A team of FBI agents visited the unfinished reactors at V.C. Summer Nuclear Station this month, marking one of the most visible actions yet by federal investigators probing the failed project.
The Office of Regulatory Staff, the state’s utility watchdog agency, says that as many as 19 FBI agents went to the nuclear plant last week, and they stayed for multiple days. They were helping with a U.S. Department of Justice investigation into the project.
The agency says the FBI visit was disclosed as part of an internal meeting it attended last week, alongside presentations about what to do with leftover parts from the $9 billion project that collapsed last summer.
The FBI’s field office in Columbia declined to confirm whether it had been to the V.C. Summer site. Santee Cooper, the minority owner of the project, couldn’t be reached for comment on the FBI visit. South Carolina Electric & Gas, the majority owner, said it gave agents access to the site voluntarily.
"SCE&G is cooperating fully with the ongoing investigations," spokesman Eric Boomhower said in an email. "We have been in regular contact with the agencies involved and have voluntarily provided them with access to the nuclear construction site."
The federal probe into South Carolina’s nuclear failure has stayed under the radar since investigators subpoenaed documents from SCE&G and Santee Cooper. It’s thought to parallel a state law enforcement investigation and a review by the U.S. Securities and Exchange Commission.
Investigators last year asked the power companies to hand over documents about a highly critical audit of the project’s viability. The so-called Bechtel report raised alarms in 2015 that the new reactors at V.C. Summer were years behind schedule because of construction issues, faulty designs and incomplete engineering work.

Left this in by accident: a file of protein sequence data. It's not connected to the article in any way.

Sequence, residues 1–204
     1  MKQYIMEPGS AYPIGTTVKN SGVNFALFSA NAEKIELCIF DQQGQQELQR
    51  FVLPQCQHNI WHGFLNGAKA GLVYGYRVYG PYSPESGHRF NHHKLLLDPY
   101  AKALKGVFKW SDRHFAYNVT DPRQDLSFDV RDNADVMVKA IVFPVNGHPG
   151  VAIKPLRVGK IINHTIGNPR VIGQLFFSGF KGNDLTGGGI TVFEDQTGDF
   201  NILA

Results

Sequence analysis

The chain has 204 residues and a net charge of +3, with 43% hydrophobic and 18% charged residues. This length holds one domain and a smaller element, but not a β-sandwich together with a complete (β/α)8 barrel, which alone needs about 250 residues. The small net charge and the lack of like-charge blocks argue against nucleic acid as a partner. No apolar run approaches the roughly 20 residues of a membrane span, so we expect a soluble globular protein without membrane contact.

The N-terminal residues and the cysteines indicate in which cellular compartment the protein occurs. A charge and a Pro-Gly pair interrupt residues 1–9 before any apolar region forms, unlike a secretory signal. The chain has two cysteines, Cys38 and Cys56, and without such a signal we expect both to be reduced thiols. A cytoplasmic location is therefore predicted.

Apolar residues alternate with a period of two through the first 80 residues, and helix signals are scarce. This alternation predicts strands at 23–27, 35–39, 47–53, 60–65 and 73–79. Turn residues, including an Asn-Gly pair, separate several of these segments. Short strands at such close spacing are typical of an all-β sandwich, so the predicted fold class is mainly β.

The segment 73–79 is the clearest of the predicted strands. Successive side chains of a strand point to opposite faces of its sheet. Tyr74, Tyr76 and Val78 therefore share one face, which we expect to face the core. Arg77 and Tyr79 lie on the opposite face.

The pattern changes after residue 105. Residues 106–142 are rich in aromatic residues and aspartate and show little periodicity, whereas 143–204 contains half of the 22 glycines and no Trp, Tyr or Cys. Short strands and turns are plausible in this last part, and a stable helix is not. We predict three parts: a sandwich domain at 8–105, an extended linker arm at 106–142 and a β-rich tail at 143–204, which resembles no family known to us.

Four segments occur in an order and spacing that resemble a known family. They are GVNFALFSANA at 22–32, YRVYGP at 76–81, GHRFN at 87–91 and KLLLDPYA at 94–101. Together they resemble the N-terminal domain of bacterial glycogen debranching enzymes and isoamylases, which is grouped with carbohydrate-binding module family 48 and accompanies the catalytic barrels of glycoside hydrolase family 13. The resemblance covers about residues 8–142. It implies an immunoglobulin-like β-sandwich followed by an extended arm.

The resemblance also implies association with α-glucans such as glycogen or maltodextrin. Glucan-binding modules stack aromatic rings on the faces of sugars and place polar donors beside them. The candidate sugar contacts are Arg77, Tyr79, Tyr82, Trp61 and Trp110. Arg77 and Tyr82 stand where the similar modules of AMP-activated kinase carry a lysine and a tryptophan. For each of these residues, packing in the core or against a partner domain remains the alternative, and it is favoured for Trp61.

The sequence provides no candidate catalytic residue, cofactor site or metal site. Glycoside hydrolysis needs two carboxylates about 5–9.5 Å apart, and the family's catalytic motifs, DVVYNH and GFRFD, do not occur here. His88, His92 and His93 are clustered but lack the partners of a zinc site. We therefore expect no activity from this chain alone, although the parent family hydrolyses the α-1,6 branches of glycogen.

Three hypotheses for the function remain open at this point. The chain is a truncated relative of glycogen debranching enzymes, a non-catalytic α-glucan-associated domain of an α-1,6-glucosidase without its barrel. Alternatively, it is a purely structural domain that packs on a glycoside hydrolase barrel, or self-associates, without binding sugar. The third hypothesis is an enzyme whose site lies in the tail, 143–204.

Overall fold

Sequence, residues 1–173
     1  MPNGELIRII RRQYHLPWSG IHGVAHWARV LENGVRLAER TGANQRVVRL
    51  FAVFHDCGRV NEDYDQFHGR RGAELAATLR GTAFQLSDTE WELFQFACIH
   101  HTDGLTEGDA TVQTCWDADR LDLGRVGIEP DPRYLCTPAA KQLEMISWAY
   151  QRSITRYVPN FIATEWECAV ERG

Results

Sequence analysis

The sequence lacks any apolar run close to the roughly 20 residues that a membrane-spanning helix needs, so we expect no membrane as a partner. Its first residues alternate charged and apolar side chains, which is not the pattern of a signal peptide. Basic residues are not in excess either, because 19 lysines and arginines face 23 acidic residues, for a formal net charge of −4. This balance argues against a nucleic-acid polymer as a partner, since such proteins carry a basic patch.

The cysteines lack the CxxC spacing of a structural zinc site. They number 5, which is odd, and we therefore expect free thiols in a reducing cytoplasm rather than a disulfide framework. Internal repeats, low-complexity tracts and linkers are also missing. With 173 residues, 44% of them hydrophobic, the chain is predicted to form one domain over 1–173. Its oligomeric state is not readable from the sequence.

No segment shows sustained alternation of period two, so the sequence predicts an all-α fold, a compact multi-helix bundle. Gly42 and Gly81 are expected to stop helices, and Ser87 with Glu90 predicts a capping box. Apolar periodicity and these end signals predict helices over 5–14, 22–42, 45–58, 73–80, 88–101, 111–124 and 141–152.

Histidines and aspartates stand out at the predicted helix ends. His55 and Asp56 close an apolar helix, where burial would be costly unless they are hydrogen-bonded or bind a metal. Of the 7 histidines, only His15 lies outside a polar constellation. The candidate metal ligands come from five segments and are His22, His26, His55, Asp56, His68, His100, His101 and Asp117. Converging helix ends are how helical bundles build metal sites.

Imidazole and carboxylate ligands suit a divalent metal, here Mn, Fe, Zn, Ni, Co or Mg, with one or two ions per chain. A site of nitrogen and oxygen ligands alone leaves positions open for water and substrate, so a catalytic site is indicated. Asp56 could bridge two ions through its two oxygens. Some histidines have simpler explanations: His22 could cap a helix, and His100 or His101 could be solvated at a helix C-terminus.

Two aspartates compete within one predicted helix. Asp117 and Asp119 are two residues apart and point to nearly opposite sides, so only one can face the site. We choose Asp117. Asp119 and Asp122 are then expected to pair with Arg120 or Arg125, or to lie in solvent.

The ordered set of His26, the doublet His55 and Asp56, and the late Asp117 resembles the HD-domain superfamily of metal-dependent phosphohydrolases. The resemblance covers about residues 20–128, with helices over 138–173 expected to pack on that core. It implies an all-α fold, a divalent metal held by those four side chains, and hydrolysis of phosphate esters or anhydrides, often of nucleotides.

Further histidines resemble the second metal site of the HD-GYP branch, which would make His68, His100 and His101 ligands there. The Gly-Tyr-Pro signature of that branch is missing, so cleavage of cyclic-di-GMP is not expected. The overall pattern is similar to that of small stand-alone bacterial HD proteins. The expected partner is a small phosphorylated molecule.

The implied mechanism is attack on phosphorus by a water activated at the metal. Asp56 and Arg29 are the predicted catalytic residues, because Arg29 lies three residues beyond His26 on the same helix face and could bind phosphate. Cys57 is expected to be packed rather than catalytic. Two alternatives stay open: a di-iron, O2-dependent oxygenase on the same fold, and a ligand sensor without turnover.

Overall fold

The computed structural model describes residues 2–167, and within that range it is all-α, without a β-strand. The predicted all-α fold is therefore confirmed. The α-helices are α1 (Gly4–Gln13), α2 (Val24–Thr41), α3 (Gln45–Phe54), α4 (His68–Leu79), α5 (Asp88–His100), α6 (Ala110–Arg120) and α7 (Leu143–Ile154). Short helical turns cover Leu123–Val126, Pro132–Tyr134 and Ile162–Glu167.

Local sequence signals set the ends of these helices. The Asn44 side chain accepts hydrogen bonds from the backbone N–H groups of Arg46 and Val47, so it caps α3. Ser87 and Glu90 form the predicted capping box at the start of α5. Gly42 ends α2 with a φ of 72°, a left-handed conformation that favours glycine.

The same audit has been central to legal arguments seeking to force the utilities to bear the cost of the construction project. A raft of lawsuits accuse the power companies of hiding problems from investors, regulators and ratepayers who are paying for the reactors.
Still, it's not clear whether the federal investigation's scope has shifted since subpoenas were first issued in September. Internal documents reviewed by The Post and Courier show that the utilities harbored concerns about the project’s viability years earlier.
South Carolina lawmakers asked state investigators to open their own review days after the newspaper reported that the project didn't use licensed engineers for the reactors' designs.
Construction wasn’t called off until July after lead contractor Westinghouse Electric filed for bankruptcy under the weight of the project’s mounting costs.
About a fifth of SCE&G ratepayers’ monthly bills is earmarked for the nuclear project. About 5 percent of Santee Cooper’s electricity rates are tied to the project, but prices are expected to rise over the next several years as more debt comes due.
Andrew Brown contributed to this report from Columbia.